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GREECE: The Ancient Olympics

The Ancient Olympic Games were a series of competitions held between representatives of several city-states and kingdoms in Ancient Greece. These games featured mainly athletic but also combat and chariot racing events.

The Olympics were of fundamental religious importance, featuring sporting events alongside ritual sacrifices honoring both Zeus - whose famous statue by Phidias stood in his temple at Olympia and Pelops, divine hero and mythical king of Olympia.

At the first one-day Olympic Games, the only event was a short sprint from one end of the stadium to the other.

Gradually more events were added to make four days of competitions. They included wrestling, boxing, long jump, throwing the javelin and discus, and chariot racing. In the pentathlon, there were five events: running, wrestling, javelin, discus and long jump. One of the toughest events was the race for hoplites, men wearing armour and carrying shields.

Only male citizens were eligible to compete in the Olympic Games. The term "citizen" refers to a man who participated in local politics, voted and provided military service. Citizens were of Greek descent and had jobs or trades, slaves were not allowed to compete.

Some of the most skilled competitors had humble job titles: The first Olympi­c champion was Koroibos, a cook who won the stadion race in 776 B.C.
Winners were given a wreath of leaves, and a hero's welcome back home.

Winners might marry rich women, enjoy free meals, invitations to parties, and the best seats in the theatre.

The running track was much wider than a modern one. Twenty people could run at once.

Olympic gamesmanship?

Probably the pankration or all-in wrestling was the nastiest event. There were hardly any rules. Biting and poking people's eyes were officially banned, but some competitors did both!

While it does not seem very sporting to us, all-in wrestling was very popular. Boxing was tough too. The fighters wore leather gloves and a boxer was allowed to go on hitting his opponent even after he'd knocked him to the ground!

However, cheating was punished. Anyone caught cheating, trying to bribe an athlete for instance, had to pay for a bronze statue of Zeus, as a punishment.

The Olympic Games reached their peak in the 6th and 5th centuries BC, but then gradually declined in importance as the Romans gained power and influence in Greece.

Olympic facts

1. No-one actually knows when the Olympic Games began. The earliest recorded event was at Olympia, Greece in 776 BC, but it was probably held even earlier.

2. From 776 BC onwards, it was held every four years, and the ancient Greeks calculated their calender in four year periods called 'Olympiads'.

3. The word "gymnasium" comes from the Greek root "gymnos" meaning nude. In fact, the literal meaning of "gymnasium" is "school for naked exercise." This makes more sense when you find out that athletes in the ancient Olympic Games would have participated in the nude!

4. The ancient Olympics ended in AD 393 when the Roman Emperor Theodosius banned the games because they were becoming too pagan.

5. The earliest games were held to honour Zeus and included a ceasefire in all wars in the region.

6. When the modern Olympics began in Athens in 1896, only 13 countries took part.

7. The five Olympic rings represent the five major regions of the world – Africa, the Americas, Asia, Europe and Oceana, and every national flag in the world includes one of the five colors, which are (from left to right) blue, yellow, black, green, and red.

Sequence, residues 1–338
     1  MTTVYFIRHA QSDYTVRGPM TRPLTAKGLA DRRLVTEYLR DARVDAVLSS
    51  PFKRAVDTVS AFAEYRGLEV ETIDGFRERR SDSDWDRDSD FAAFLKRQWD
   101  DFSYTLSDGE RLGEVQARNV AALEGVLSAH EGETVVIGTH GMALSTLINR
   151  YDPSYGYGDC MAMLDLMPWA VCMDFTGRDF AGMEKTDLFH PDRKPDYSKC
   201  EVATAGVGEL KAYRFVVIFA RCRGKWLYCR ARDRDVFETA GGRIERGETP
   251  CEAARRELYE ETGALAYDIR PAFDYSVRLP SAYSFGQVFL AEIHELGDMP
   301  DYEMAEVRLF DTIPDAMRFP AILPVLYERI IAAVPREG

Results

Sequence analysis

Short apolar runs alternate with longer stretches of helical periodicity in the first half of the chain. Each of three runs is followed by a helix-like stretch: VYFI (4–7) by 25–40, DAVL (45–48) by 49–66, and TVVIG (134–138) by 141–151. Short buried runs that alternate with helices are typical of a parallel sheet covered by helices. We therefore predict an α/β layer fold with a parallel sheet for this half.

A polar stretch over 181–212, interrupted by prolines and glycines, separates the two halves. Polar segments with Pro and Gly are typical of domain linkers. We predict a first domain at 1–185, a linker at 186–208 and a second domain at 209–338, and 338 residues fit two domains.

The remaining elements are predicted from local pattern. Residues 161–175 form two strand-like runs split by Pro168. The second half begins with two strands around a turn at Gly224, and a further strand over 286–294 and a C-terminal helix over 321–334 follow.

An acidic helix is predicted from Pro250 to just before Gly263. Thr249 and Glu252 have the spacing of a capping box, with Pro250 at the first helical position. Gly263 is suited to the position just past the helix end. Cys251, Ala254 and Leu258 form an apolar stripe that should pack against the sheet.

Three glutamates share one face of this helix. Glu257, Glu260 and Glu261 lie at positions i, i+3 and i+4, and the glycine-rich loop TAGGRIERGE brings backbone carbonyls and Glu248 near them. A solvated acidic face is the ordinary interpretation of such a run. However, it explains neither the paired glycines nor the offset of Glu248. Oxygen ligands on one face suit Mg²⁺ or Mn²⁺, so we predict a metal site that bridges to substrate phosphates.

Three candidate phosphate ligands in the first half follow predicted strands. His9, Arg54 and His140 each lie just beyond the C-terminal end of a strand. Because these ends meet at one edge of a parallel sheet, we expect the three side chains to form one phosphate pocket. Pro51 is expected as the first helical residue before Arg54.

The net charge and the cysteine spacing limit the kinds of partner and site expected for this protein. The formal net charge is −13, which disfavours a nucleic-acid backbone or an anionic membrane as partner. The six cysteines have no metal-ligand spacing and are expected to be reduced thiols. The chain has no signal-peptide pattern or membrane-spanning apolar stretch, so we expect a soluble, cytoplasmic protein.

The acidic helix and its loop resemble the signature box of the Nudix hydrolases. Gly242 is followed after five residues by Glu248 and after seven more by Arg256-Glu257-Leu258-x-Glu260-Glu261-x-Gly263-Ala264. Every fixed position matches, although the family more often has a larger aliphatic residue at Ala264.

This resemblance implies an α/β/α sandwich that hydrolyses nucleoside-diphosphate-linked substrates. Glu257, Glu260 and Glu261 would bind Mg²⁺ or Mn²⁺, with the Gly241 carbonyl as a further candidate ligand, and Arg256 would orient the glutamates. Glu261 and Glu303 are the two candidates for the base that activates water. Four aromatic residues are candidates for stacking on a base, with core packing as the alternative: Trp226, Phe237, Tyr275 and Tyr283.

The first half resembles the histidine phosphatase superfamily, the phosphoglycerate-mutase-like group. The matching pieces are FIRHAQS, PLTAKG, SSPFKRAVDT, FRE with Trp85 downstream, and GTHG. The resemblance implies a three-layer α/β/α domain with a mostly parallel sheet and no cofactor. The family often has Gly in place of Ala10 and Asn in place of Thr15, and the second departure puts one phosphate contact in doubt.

8. The last Olympic gold medals that were made entirely out of gold were awarded in 1912. Nowadays, each medal must be at least three millimeters thick and 60 millimeters in diameter. Also, the gold and silver Olympic medals must be made out of 92.5 percent silver, with the gold medal covered in six grams of gold.

9.  During the 1900 Olympic archery competition, live pigeons were used as targets.

10. Britain has always won at least one gold in every modern Olympics - however, one was the grand total of gold medals for the UK in 1904, 1952 and 1996 - embarrassing!

11. Because of World War I and World War II, there were no Olympic Games in 1916, 1940, or 1944.

12. During the ancient Olympic games, married woman were barred from watching the games. In fact the only only married woman allowed in was the Priestess of Demeter - a goddess of the harvest.

13. Women were first allowed to participate in 1900 at the second modern Olympic Games.

14. Three continents – Africa, South America, and Antarctica – have never hosted an Olympics.

15. The 'Berlin Olympics' held in 1936 were the first Olympic games ever to be broadcast on television. 

16. Olympian Oscar Swahn of Sweden is the oldest olympian to have participated in any of the olympic events so far. He was a shooter who participated at the 1920 Antwerp Games at the age of 72 years.

17. Baron Pierre De Coubertin of France is known as the father of the modern olympics.

18. The very first modern olympics were held in Athens, Greece 1896.

19. The famous wrestler Milo was said to train by carrying a calf every day. As the calf grew heavier, his muscles got stronger.

For related articles click onto: 

ATHENS: How to get to Athens City from Athens International Airport
ATHENS: The Caryatids
ATHENS: The Parthenon
GREECE: The Ancient Olympics
GREEK HISTORY: Who was Archimedes?


  1. Interesting list of facts, thank you! Brushed up some of my knowledge and learnt a copule of new facts. Greece is such a fascinating country, I fell in love with it two years ago when visited it for the first time. It's been holding the most special place in my heart ever since. It seems it's not very difficult to get greek citizenship by investment which would be a dream come true! Counting days till May when I'm visiting Athens again